Bank snooping measure should be rejected out of hand.

No one should be supportive or sympathetic toward tax cheats.

Deceitful failure to pay tax obligations creates additional burdens on everyone else. It contributes to national debt and sparks inflation as government borrows and prints money, practices that amount to hidden taxes not only on current taxpayers but future generations as well.

So the estimated 85% of Americans who dutifully pay all they owe should not only support proper enforcement measures, but demand authorities vigorously pursue cheats. The American tax system is based on voluntary compliance and the good news is the vast majority of people do what they should. Thus, cracking down on cheats is only fair and right.

It still matters, though, how any crackdown is done.

Many readers may have been contacted by their local banks and investment advisors. Buried in proposals for tax reform is a new reporting requirement that would force banks to submit to the Internal Revenue Service records of all deposits and withdrawals for your personal and business accounts. It’s a level of intrusiveness that is intolerable and steps all over considerations of individual freedoms and privacy for citizens.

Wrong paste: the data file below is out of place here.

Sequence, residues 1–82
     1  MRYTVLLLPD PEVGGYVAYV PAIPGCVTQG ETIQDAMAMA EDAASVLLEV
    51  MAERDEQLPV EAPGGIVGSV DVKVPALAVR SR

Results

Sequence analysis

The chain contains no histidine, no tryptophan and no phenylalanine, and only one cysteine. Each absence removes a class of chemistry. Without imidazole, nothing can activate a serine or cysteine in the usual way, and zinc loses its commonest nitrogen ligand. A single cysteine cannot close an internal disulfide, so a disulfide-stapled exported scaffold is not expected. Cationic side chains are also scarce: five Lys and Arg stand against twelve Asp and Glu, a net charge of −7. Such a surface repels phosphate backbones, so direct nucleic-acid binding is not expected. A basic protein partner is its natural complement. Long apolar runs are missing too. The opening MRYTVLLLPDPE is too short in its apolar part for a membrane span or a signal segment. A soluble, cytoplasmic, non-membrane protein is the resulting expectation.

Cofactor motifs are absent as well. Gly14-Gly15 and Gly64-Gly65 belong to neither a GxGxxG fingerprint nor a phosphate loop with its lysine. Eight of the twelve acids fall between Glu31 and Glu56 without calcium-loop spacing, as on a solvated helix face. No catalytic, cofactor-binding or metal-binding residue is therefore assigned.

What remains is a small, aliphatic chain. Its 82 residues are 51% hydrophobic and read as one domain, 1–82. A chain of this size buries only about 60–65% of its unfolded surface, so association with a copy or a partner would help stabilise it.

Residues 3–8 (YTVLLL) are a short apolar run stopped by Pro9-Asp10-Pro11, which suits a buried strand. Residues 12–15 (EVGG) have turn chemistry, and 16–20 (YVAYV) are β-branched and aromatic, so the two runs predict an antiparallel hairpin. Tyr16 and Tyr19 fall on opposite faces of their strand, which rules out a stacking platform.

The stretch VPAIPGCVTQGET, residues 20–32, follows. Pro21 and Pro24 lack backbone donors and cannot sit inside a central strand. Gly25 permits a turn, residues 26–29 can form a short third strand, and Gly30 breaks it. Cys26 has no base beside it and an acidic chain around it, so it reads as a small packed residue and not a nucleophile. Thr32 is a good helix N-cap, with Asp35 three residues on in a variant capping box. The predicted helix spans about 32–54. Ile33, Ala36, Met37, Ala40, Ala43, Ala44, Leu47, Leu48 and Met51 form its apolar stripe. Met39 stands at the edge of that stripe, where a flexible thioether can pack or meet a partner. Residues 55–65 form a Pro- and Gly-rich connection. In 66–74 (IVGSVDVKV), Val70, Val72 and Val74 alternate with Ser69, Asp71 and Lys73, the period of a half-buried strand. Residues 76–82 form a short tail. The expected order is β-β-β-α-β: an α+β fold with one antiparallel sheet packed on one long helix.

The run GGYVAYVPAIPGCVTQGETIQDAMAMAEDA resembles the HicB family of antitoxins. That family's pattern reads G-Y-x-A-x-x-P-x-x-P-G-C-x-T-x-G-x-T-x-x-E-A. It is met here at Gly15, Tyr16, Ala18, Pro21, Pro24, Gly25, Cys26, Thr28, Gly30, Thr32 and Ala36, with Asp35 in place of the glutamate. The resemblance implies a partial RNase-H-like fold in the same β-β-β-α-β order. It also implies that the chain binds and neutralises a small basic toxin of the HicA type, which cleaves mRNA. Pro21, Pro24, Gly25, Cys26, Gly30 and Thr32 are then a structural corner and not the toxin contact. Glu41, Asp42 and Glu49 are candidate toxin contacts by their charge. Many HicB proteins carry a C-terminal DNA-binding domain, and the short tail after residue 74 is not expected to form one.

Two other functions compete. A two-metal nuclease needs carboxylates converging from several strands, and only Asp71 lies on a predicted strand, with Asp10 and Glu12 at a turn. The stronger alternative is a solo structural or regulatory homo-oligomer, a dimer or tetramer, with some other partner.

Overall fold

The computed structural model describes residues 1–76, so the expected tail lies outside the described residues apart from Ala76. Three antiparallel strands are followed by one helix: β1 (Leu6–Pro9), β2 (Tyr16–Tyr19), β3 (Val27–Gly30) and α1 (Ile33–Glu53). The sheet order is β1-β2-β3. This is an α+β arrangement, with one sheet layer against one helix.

Remember that figure of 85%. All those complying individuals would still find the government rooting around willy-nilly in their personal business. It’s safe to say most people would object to that. And another consideration: Floating that personal information around on the internet and across government sites creates unnecessary exposures in this era of identity theft. The government has been shown to be weak when it comes to protecting the security of personal information.

We get it. Estimates place lost revenues from tax cheats at tens of billions of dollars annually, shortfalls that result in more borrowing and printing money that our kids and grandkids will have to pay back. The more cheats that are caught and made to pay up, the better.

But not this lazy way, by allowing government agents to sleuth their way without cause through every deposit and withdrawal and financial action in everybody’s accounts, whether they are compliant or not.

Backers of the expanded IRS requirements might say, “If you have nothing to hide, you have nothing to worry about.”

Americans should answer, “If I have nothing to hide, and I’m already following the law, keep your snooping nose out of my business.”

For that, in our view, defines the most fundamental American right -- the right to be left alone by an overreaching government.


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